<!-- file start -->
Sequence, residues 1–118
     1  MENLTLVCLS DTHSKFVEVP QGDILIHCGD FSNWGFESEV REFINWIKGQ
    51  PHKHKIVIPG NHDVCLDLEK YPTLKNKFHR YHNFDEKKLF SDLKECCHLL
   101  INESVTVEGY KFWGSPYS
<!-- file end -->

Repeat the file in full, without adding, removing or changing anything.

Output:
Sequence, residues 1–118
     1  MENLTLVCLS DTHSKFVEVP QGDILIHCGD FSNWGFESEV REFINWIKGQ
    51  PHKHKIVIPG NHDVCLDLEK YPTLKNKFHR YHNFDEKKLF SDLKECCHLL
   101  INESVTVEGY KFWGSPYS